An Act with a Vision for the Future

Even prior to its enactment, there has been much heated opposition to the American Recovery and Reinvestment Act of 2009, a.k.a. President Obama's economic stimulus plan. Opponents have tried to smear it as a bill laden with earmarks (which is not true) that wasted money on pointless projects. Opponents have also (correctly) pointed out that it is mostly paid with borrowed money (I'll come to that later). However, the Recovery Act has gone further than any prior piece of legislation in the past half century in revolutionizing antiquated areas of our economy. And it truly has kept the economy from the brink of depression.

Perhaps the keystone effort of the stimulus plan was its investment in a variety of projects that will make America more energy efficient and less dependent on carbon fuels (and the despotic regimes that supply us with them.) One of my key concerns in the 2008 Presidential Election was selecting a candidate who would make energy independence their priority. This act was a big step in the right direction for a green energy economy and the investments it makes in new technologies has the potential to create tens of millions of jobs.

The notion that private corporations are primarily interested in the short term (to satisfy shareholders) and do not invest nearly enough in research and development that would primarily provide benefits in the long run is a well-established economic idea. Some of the most important inventions of the past 100 years, that are the backbone of today's economy, have been supported by government-funded research. The cellular phone, computers, the Internet, and GPS are but a few of the most important inventions that have come about in large part due to research performed by U.S. taxpayer-funded scientists and engineers. Corporate America's fiercest foreign competition significantly benefits from foreign government-sponsored research and development. A good example of this is Airbus, which is a consortium of French, British, German, and Spanish aerospace companies, that have received very heavy investment from their respective governments. As a result of all of the R&D; and other investment European taxpayers made into Airbus, that company has now surpassed Boeing as the world's largest supplier of commercial airliners and has provided an incredible amount of high tech jobs to those countries. Perhaps the most important idea I learned in studying economics is the fact that more than anything else, new technology drives economic growth. Many if not most of the jobs lost during the Great Recession are not coming back. The way to get America back on its feet is to develop the technologies that will be the backbone of the future economy. We have plenty of tough competition. Europe, China, and India all invest a significant amount of money in research and development in support of their key industries. If America wants to lead in and reap the benefits of the future global economy, we must ensure we invest money into today's research that will be tomorrow's must-have technology. I cannot think of a better use of my tax dollars.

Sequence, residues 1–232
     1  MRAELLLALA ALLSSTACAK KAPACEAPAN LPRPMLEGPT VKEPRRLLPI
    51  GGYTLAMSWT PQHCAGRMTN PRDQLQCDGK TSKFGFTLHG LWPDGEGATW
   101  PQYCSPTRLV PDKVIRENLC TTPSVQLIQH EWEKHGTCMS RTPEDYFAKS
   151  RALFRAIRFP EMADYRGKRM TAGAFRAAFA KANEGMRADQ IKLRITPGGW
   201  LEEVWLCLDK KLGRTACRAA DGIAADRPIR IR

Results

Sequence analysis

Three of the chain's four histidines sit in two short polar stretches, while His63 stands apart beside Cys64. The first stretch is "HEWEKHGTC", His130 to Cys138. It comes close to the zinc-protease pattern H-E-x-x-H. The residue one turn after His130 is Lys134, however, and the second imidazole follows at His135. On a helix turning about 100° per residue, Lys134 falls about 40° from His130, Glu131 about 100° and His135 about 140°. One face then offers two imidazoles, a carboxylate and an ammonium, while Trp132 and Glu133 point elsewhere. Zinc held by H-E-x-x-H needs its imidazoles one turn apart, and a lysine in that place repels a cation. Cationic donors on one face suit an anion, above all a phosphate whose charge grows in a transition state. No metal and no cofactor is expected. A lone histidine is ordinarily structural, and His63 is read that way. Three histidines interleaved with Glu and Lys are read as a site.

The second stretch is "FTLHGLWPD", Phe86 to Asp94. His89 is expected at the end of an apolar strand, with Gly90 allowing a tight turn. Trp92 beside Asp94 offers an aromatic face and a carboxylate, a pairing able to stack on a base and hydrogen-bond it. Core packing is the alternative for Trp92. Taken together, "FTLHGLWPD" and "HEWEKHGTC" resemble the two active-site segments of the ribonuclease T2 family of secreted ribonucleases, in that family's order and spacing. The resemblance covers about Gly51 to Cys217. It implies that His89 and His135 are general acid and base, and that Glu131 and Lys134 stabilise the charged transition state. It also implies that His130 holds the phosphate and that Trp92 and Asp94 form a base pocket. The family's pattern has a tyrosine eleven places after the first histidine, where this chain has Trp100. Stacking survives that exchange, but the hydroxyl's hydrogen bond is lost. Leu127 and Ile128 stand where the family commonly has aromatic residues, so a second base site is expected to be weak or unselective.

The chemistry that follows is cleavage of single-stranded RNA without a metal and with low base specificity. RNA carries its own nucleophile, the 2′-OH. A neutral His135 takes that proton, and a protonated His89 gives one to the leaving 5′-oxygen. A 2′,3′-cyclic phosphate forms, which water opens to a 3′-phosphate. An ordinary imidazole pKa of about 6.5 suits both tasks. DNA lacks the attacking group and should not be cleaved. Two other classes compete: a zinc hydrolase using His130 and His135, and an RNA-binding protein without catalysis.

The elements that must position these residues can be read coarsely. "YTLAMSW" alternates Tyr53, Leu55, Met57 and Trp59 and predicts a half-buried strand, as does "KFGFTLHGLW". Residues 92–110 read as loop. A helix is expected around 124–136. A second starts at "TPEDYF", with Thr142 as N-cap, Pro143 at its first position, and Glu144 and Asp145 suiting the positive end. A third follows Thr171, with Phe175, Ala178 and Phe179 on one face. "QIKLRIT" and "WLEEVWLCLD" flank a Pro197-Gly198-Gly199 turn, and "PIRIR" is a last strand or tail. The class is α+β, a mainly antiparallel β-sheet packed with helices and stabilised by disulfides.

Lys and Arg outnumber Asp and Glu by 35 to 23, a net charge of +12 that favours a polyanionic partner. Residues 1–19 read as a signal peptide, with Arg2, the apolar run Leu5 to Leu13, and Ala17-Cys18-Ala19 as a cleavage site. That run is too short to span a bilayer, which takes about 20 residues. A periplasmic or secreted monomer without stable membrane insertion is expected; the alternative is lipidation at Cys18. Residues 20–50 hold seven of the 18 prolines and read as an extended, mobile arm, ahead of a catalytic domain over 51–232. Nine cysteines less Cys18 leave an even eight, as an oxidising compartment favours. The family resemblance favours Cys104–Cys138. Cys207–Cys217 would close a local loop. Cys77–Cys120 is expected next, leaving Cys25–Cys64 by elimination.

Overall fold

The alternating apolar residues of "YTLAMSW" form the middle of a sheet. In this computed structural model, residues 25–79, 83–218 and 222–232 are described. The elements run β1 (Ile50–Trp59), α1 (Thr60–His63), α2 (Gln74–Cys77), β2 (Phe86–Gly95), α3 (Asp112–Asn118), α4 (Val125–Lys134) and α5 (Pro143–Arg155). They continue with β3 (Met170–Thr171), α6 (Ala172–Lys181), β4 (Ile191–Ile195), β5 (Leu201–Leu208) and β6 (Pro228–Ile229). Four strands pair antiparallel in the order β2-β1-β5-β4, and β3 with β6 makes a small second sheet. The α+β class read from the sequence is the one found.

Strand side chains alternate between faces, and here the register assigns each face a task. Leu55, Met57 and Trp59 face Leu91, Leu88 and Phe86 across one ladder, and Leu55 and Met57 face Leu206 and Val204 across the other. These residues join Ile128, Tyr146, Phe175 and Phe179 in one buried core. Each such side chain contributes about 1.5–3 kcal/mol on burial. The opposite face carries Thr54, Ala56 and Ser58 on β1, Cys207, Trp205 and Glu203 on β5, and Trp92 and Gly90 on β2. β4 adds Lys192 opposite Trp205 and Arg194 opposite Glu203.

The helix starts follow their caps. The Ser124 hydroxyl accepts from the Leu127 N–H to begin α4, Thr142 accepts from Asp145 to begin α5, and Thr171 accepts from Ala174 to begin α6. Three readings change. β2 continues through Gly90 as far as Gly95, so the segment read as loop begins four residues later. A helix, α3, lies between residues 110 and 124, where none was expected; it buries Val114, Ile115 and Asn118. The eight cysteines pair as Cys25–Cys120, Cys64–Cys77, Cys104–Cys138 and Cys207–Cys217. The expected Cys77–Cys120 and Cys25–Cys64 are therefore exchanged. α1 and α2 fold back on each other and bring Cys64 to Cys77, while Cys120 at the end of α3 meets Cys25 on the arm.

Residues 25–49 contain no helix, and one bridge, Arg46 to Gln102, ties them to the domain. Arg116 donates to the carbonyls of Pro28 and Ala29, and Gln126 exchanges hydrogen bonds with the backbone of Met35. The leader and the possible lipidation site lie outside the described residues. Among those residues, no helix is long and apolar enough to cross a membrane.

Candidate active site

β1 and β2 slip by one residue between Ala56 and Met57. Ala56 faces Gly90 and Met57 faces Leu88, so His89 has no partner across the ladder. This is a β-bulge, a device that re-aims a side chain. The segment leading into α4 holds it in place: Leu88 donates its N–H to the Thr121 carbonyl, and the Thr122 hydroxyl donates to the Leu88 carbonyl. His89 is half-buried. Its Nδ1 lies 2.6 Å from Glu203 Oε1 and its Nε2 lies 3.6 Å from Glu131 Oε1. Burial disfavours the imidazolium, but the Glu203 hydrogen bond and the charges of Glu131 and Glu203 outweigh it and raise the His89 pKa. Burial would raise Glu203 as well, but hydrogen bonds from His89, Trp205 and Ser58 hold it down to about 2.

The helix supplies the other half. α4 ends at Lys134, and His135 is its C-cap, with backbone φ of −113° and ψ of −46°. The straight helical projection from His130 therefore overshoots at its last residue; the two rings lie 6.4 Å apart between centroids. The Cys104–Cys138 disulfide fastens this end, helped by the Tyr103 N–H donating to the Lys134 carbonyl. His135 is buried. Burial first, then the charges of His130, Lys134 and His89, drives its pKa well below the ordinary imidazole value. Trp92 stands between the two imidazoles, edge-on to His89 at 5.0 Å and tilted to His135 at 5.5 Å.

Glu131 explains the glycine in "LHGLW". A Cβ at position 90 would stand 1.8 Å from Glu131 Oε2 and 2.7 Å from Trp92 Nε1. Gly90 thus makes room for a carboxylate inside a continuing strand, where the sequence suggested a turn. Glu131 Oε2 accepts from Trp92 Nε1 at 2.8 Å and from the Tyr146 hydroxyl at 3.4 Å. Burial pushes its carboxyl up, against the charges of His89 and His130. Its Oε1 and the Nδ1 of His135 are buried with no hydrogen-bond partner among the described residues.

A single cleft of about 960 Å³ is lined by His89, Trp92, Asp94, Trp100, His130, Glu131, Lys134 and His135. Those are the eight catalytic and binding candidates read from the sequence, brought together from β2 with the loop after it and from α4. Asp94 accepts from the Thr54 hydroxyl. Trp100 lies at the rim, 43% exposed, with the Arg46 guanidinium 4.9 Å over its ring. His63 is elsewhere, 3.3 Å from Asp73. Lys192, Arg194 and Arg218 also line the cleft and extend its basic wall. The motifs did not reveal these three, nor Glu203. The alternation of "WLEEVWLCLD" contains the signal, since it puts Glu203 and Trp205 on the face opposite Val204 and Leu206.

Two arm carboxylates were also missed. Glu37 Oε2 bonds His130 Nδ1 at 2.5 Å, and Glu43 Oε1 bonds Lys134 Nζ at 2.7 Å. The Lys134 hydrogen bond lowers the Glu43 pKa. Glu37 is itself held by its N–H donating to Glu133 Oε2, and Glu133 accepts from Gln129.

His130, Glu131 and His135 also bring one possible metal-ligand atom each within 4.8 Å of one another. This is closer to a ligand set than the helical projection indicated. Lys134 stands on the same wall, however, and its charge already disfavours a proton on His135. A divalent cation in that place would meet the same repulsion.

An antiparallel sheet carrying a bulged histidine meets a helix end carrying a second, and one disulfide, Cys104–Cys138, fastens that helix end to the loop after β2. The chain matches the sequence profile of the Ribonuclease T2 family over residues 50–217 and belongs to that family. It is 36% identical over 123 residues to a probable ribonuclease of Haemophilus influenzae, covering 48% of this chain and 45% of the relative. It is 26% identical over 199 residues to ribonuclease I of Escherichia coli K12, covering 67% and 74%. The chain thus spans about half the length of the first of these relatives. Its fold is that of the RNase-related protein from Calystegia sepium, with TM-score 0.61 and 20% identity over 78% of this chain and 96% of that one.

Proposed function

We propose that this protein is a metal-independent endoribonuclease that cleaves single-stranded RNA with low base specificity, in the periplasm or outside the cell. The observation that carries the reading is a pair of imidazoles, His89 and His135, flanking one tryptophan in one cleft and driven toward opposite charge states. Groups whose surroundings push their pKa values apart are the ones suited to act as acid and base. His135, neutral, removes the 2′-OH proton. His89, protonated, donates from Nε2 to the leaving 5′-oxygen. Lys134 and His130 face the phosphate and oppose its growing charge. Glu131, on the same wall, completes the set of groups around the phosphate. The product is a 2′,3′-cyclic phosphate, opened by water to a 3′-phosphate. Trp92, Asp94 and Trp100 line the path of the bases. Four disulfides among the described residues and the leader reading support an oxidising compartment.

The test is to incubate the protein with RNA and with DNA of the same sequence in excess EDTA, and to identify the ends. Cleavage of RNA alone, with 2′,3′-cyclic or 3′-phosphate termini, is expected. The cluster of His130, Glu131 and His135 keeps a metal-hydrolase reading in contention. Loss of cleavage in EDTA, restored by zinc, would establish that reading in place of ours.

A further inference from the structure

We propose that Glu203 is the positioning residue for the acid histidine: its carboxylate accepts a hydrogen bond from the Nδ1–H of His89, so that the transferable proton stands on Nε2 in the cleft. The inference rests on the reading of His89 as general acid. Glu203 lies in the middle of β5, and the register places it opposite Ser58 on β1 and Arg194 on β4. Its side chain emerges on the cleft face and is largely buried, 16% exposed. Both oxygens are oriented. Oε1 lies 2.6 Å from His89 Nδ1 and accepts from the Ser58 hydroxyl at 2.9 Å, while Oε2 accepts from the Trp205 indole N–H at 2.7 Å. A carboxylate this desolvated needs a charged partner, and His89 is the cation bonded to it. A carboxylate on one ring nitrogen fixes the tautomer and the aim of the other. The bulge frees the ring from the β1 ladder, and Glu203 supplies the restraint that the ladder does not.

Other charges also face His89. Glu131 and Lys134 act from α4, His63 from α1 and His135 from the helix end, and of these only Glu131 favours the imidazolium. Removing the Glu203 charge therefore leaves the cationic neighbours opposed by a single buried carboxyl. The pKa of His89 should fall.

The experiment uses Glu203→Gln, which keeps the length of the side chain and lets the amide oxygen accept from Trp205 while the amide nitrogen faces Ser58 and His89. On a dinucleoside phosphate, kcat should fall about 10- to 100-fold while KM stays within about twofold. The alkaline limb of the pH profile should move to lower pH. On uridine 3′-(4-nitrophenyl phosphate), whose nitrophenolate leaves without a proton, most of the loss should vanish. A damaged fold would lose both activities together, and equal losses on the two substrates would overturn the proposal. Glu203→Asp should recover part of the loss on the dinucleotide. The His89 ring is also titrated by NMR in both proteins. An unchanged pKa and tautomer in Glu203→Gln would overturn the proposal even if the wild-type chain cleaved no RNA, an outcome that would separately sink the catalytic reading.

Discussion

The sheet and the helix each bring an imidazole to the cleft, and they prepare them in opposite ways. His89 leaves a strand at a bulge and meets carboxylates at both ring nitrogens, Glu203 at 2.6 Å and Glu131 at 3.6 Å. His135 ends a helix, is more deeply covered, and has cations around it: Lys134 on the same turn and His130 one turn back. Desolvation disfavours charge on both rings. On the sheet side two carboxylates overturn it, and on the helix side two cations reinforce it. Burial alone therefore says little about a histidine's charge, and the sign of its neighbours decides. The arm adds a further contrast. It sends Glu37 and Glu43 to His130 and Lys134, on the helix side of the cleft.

So in returning to the Recovery Act, a recent TIME Magazine article gave an impressive summary of what types of energy investments the Recovery Act is making.

The investments extend all along the food chain. A brave new world of electric cars powered by coal plants could be dirtier than the oil-soaked status quo, so the stimulus includes an unheard-of $3.4 billion for clean-coal projects aiming to sequester or reuse carbon. There are also lucrative loan guarantees for constructing the first American nuclear plants in three decades. And after the credit crunch froze financing for green energy, stimulus cash has fueled a comeback, putting the U.S. on track to exceed Obama's goal of doubling renewable power by 2012. The wind industry added a record 10,000 megawatts in 2009. The stimulus is also supporting the nation's largest photovoltaic solar plant, in Florida, and what will be the world's two largest solar thermal plants, in Arizona and California, plus thousands of solar installations on homes and buildings.